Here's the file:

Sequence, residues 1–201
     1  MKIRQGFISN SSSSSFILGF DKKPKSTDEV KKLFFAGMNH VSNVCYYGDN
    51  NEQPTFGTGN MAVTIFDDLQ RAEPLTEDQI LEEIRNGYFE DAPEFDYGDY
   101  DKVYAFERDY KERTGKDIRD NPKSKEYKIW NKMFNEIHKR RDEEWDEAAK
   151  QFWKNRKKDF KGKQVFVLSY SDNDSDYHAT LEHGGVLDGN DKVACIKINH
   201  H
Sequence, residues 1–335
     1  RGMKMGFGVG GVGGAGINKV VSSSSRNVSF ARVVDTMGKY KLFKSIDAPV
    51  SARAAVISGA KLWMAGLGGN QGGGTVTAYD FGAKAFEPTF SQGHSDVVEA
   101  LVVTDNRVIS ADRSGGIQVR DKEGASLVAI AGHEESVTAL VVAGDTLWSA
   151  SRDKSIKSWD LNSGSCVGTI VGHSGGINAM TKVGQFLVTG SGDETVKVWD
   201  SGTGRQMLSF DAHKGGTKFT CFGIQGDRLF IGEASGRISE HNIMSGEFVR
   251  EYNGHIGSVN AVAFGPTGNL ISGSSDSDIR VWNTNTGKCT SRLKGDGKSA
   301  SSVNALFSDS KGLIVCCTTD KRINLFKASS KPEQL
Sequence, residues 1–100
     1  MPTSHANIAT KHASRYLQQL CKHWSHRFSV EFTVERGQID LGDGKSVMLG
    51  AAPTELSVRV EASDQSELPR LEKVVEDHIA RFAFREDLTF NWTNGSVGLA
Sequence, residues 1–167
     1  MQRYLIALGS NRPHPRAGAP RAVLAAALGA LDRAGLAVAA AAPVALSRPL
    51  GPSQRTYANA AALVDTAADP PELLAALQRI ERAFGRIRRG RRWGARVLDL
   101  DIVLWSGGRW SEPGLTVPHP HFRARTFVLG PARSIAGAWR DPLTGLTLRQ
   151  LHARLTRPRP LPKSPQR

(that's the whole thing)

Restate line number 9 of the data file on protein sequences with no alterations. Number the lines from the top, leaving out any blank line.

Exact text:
    51  SARAAVISGA KLWMAGLGGN QGGGTVTAYD FGAKAFEPTF SQGHSDVVEA